It's not often that a book or a movie makes me cry. A few weeks ago I watched Fateless, a film that brought tears to my eyes. For quite some time afterwards I could not get over the sepia tinted images of melancholy, gloom and suffering. Even more difficult to shake off was the impression made by the detached incomprehension of the young protagonist caught in the violent maelstrom.
Fateless is based on a novel by Imre Kertesz, a Nobel Prize winning Hungarian author who spent a year in Nazi concentration camps as a young boy. The movie is the account of one year in the life of fourteen year old Gyuri (Gyorgy ) Koves (some have speculated, Kertesz himself) after being shipped to Auschwitz, later shifted to Buchenwald and finally to Zeitz, a lesser known concentration camp in 1944. Through it all we experience the young boy's plight not as mere viewers but often as "Gyuri," the teenager who has been transported from a life of middle class predictability to one of unfamiliar, unprecedented horror which is in equal parts, carefully planned out regimental cruelty and random violence. As Primo Levi pointed out in his brilliant books about Auschwitz, one needs some distance in time and place from carnage and degradation to truly recognize the scars left by past traumas. With proximity to pain, over time, mindless brutality and soul sapping privation can begin to look routine and mundane. And tragedy is multiplied many times over when children's fates are shaped by the corruption of the adult soul.
A book or movie about the Holocaust may be expected to be filled with vivid sounds and sights of horror. But the narrative in Fateless is spare and largely devoid of excessive emotions. A series of bleak images, as seen through the eyes of young Gyuri - of emaciation, loss of dignity, proximity to disease and death, have the effect of putting us alongside him on the ground. Although there is little or no Nazi iconography to be seen throughout the film and the enforcers themselves are rarely on the screen, the presence of the Nazis and their murderous philosophy is the palpable backdrop. The film focuses on the pathetic and disoriented inhabitants of the death camps - the exhausting drudgery, senseless punishments and Gyuri's rapidly deteriorating physical condition. Fateless is a chronicle of dreary events in which a piece of meat surfacing unexpectedly in a pitiful bowl of soup is a stunning event, where one can lie quietly next to a dead body in a filthy hospital bed day after day in order to receive the extra ration doled out to the dead man by mistake, where amidst utter isolation and hopelessness people find moments of respite to joke and sing. The individual instances of loss, pain and indignities suffered add up to an atrocity of monumental proportions.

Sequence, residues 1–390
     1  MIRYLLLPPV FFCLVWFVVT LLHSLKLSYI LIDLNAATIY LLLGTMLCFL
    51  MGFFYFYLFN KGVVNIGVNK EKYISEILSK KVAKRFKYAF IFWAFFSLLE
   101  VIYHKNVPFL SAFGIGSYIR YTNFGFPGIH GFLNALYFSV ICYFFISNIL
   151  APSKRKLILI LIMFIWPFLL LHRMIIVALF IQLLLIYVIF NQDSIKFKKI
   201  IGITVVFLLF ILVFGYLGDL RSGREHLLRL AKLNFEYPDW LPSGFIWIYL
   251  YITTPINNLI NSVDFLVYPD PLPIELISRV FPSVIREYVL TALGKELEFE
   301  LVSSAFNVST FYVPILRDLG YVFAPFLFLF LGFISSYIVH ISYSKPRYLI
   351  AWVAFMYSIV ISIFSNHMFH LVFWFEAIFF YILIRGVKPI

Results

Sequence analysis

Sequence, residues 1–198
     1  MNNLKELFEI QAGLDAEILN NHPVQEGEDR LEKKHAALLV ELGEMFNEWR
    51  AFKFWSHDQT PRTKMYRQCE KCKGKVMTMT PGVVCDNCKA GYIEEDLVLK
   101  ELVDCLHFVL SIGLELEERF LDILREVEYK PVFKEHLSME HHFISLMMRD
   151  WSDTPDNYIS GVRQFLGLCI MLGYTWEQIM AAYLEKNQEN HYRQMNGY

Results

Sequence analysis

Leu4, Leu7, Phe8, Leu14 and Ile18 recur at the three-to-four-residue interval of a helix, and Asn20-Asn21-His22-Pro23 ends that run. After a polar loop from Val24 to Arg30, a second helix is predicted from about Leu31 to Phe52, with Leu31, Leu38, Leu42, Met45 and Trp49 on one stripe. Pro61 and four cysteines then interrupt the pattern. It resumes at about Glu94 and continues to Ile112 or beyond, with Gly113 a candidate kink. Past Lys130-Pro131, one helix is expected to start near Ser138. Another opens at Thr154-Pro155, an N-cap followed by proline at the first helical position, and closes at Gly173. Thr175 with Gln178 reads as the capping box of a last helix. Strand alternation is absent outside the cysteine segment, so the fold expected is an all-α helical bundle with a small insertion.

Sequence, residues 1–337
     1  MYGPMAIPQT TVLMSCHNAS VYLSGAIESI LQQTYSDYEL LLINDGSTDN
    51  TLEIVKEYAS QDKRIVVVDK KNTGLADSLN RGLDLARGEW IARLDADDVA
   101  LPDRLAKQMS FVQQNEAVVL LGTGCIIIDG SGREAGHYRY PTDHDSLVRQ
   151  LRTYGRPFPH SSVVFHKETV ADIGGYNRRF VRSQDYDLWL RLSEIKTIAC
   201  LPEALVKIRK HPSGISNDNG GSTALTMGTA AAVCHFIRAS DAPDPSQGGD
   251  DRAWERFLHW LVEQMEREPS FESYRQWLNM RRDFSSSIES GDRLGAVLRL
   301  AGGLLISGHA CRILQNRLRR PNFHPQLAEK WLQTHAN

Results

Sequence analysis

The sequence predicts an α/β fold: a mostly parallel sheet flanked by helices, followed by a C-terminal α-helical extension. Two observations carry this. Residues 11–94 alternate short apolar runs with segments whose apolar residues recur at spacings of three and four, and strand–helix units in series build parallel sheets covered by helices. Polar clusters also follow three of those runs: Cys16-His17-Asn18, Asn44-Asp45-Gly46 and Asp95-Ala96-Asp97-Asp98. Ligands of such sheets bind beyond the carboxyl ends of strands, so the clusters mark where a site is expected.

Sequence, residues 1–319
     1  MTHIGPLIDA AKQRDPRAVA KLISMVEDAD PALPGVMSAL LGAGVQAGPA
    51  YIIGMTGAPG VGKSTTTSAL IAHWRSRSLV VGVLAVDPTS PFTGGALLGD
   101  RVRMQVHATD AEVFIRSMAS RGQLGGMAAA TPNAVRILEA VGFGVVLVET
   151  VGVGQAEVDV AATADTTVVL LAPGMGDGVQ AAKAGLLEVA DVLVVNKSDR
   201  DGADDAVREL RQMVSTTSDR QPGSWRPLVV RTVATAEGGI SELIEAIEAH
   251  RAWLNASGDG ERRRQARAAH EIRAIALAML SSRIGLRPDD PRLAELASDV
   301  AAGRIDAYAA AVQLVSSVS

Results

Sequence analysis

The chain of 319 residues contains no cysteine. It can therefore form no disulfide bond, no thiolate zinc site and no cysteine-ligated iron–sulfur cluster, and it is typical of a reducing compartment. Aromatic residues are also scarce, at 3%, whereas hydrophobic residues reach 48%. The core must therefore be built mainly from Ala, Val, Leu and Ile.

There are many striking cinematic moments in Fateless - flashes of hope and confusion that are heartbreaking in their simplicity and because with our 20/20 historical hindsight we know the end results. The policeman who rounded up Gyuri with other young boys to be transported to Auschwitz, signals secretly for Gyuri to run away at a traffic stop while the group is being herded to a holding station. Ignorant and unable to imagine what lies ahead, Gyuri stays. The boys, separated from their families, plan and plot with childish glee in the train to stay together when they reach their destination. A woman touches up her lips with lipstick as the sealed train pulls into Auschwitz.
Gyuri's "normal" emotions resurface when he returns to Budapest after the liberation of the camps. He feels anger, frustration and confusion when upon his return he finds that those who had evaded a fate similar to his own, even members of his family and friends, do not want to hear what went on in the concentration camps. They welcome him back but tell him "It is all in the past. The Nazis have been defeated," when he wants to talk and ask questions. The most heartbreaking scene of the film occurs at the end - not inside the hellish confines of the camp but in freedom, at a street corner in Budapest in approaching dusk. Gyuri leaves the apartment of some old friends who are delighted to see him and offer him his favorite dishes to relish but don't want to hear about Auschwitz, Buchenwald or Mauthausen. Rebuffed, Gyuri leaves to go and look for his estranged mother. (His father, another victim of the camps, did not return) He stops on the street outside the apartment and thinks back on his life in the camp which now seems less confusing to him than the freedom outside. He recalls wistfully that the year spent in the camps was not one of just horror and suffering; there were "magic hours" there too. He thinks back on his favorite hour, just after dinner, a respite from the day's backbreaking labor and indignities, ["which I waited for and loved most in the camp"] when he would joke and sing with his fellow prisoners. It is at this wrenching moment that we realize that for Gyuri, the camps are not the past. They are his searing and present reality and they will remain so for the rest of his life.
(Author Imre Kertesz said in his 2002 Nobel Lecture : "... nothing has happened since Auschwitz that could reverse or refute Auschwitz. In my writings the Holocaust could never be present in the past tense.")
Fateless is an extraordinary film made all the more remarkable by its ascetic treatment of human suffering. The cast is wonderful. The character of Gyuri is brought to life by the hauntingly beautiful and innocent face of actor Marcell Nagy. If you have 2 hours and 20 minutes to devote to a really good movie, do try Fateless. For more on the story, see the New York Times review here.